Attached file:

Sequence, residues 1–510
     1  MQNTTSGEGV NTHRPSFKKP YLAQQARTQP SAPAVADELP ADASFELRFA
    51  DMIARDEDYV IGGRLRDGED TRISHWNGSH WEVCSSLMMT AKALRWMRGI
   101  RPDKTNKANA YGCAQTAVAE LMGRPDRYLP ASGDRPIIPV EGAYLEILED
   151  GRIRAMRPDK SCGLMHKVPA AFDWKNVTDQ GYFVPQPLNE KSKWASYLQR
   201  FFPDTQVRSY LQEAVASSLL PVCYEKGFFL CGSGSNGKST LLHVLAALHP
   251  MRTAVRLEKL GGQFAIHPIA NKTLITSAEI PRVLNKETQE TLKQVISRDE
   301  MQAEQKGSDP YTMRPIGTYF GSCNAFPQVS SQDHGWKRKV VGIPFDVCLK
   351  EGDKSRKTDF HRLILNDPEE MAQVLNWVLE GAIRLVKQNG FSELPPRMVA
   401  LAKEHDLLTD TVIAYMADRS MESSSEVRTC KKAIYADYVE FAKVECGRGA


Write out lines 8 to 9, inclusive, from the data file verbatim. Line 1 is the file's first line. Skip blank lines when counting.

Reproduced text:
   301  MQAEQKGSDP YTMRPIGTYF GSCNAFPQVS SQDHGWKRKV VGIPFDVCLK
   351  EGDKSRKTDF HRLILNDPEE MAQVLNWVLE GAIRLVKQNG FSELPPRMVA